New Study Shows Autistic Children Suffer More Severe Mental Health Deterioration Amid the Pandemic

According to a Canadian-based study, lockdowns and school closures during the first year of the Covid 19 pandemic adversely affected the mental health of children and young people.

These youth manifested more externalizing and internalizing behaviors in response to elevated stress levels caused by disruptions to routine and access to health and educational services.

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According to the survey among parents using the Patient Health Questionnaire, those youth who suffered from the mental health impacts of the pandemic manifested signs of depression, anxiety, and obsessive-compulsive disorder. Meanwhile, external symptoms included irritability, lack of attention, and hyperactivity.

More vulnerable to this deterioration in mental health amid the pandemic were kids with neurodevelopmental disorders or pre-existing mental health conditions.

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“We found that some factors inherent to the child predicted poorer mental health during the pandemic: specifically, preexisting concerns related to anxiety and depression,” Evdokia Anagnostou, MD, child neurologist and professor of pediatrics at the University of Toronto, Ontario, and senior author of the study related to Medscape Medical News. “However, we also found that family and community factors impact the mental health of autistic kids and are good targets for intervention.”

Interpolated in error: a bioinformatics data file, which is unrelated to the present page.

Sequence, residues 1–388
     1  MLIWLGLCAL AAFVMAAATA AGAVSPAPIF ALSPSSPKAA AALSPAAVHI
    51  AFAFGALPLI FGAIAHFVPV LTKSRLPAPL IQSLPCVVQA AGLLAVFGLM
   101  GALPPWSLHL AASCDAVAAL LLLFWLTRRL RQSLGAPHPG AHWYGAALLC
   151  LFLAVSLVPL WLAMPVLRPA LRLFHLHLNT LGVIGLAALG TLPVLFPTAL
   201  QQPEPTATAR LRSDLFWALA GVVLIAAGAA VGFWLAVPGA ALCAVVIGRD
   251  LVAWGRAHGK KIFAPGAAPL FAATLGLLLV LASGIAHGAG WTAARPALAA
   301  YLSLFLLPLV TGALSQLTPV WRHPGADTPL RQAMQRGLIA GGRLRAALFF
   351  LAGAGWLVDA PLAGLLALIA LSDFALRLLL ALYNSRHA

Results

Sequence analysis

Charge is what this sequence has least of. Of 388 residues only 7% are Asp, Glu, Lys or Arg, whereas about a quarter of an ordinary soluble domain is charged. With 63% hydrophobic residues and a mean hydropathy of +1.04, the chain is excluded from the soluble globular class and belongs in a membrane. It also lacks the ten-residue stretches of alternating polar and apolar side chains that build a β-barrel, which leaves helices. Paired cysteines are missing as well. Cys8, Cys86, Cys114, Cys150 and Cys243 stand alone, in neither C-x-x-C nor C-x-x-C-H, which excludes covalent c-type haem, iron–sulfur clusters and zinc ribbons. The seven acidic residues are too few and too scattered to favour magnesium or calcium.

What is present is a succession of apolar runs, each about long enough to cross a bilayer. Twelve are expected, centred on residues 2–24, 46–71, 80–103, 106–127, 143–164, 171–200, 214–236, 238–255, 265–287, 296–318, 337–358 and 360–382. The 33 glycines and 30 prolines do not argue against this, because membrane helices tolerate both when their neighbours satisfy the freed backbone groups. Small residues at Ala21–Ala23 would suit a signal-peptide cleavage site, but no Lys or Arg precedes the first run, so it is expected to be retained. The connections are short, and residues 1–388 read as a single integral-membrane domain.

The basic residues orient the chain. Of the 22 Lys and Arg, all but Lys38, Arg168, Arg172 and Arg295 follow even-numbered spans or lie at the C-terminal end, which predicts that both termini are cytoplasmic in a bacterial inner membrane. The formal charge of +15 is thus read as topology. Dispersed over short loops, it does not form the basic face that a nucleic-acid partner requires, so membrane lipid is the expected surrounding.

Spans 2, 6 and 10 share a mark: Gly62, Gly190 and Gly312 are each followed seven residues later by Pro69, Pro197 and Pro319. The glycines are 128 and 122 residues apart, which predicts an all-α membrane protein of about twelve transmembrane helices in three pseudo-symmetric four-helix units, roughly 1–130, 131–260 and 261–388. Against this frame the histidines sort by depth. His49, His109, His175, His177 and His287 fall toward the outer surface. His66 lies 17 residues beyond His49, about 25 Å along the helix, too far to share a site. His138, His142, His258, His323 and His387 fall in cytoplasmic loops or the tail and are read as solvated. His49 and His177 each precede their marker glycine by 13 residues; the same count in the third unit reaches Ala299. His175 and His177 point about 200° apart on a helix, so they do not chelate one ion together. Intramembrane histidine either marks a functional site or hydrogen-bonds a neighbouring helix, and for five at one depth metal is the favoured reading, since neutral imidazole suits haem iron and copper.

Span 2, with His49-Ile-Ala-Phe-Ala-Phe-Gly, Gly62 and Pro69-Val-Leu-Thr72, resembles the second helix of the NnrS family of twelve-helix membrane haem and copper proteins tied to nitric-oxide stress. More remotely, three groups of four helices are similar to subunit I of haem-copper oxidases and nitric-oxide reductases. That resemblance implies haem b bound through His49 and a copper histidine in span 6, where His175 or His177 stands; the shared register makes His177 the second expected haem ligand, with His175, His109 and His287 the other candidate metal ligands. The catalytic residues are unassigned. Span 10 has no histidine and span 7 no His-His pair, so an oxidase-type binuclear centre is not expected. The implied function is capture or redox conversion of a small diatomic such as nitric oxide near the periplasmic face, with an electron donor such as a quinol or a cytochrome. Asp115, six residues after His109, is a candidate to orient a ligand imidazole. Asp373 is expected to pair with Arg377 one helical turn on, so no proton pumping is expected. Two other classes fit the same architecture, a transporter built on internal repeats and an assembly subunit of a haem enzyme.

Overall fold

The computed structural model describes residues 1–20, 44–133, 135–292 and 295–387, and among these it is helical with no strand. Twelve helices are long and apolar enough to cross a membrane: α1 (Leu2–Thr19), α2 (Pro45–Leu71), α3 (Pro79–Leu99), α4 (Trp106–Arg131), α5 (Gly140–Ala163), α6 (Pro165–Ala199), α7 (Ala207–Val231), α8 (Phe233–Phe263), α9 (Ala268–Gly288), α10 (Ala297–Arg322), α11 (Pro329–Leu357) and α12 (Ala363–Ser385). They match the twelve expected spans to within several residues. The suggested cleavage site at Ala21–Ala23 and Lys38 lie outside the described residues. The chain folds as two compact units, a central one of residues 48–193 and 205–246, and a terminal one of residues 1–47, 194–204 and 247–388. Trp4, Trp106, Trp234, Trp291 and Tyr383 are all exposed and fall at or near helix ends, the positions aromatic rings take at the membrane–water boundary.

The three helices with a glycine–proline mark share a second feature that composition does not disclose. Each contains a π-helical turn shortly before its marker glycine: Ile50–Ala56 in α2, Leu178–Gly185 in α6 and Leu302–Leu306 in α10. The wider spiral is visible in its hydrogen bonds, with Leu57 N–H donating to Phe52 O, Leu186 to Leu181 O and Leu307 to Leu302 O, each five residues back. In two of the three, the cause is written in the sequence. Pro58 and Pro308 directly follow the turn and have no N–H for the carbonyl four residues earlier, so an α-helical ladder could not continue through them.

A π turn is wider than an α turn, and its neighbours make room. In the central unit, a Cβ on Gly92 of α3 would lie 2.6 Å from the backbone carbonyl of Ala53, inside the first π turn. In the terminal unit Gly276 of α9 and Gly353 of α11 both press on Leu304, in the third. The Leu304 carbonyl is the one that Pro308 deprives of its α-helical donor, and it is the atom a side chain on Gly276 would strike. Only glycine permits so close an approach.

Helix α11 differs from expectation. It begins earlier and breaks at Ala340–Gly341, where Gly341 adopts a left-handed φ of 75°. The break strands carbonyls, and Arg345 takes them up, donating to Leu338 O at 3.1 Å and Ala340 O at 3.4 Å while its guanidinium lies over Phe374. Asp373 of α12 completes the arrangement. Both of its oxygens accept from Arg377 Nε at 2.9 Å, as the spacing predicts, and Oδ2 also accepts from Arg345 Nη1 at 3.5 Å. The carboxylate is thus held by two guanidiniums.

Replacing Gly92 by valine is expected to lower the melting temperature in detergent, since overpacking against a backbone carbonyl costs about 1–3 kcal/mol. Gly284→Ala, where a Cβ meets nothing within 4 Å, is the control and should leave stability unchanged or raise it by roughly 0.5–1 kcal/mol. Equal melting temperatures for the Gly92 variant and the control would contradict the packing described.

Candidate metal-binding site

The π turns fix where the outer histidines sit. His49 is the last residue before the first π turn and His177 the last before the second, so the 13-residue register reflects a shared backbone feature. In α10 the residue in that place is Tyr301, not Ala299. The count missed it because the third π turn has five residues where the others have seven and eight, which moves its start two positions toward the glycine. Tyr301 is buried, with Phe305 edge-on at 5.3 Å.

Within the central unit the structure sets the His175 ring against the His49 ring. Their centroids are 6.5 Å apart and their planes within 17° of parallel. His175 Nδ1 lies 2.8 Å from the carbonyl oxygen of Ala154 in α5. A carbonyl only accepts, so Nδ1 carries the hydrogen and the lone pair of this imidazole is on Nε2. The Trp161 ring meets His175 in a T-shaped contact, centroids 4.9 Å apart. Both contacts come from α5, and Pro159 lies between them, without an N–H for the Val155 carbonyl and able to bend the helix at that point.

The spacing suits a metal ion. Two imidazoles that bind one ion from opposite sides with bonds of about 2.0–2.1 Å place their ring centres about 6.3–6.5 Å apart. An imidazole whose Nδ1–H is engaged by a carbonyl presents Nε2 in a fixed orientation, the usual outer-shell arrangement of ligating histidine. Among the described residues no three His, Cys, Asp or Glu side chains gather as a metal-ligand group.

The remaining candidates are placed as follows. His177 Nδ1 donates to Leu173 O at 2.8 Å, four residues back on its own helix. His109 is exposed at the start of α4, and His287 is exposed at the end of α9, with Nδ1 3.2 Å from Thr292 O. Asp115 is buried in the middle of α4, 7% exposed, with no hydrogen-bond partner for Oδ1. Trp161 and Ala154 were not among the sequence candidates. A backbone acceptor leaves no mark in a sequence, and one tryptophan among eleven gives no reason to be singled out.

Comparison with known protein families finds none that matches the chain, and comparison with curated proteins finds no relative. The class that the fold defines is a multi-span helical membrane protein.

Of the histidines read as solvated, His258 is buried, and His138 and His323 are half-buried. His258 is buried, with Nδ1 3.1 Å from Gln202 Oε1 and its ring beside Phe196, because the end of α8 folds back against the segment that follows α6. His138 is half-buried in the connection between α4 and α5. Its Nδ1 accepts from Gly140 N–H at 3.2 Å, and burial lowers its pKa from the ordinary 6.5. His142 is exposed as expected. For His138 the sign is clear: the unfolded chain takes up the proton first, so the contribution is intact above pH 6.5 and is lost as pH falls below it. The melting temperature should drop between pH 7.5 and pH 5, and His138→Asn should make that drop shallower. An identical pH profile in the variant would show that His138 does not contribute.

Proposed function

Moreover, according to Anagnostou, more studies conducted by her group have revealed that children with autism were the most affected by mental health deterioration during this critical time. “Generally, outside of the pandemic, autistic children have higher rates of mental health concerns than the general population.”

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The study has also shown that there was an uneven distribution of mental health risk depending on a household’s resources.

As Melanie Dirks, Ph.D., professor of psychology at McGill University in Montreal, Quebec, and an expert in the social and emotional development of children and youth, commented for Medscape Medical News, “The take-home from this study is that it is consistent with a growing body of work documenting that the risks of the pandemic for children’s mental health and well-being were not evenly distributed across the population. Families with fewer resources are at greater risk, and we need to determine how best we can support those families, as well as to ensure continuity of services.”

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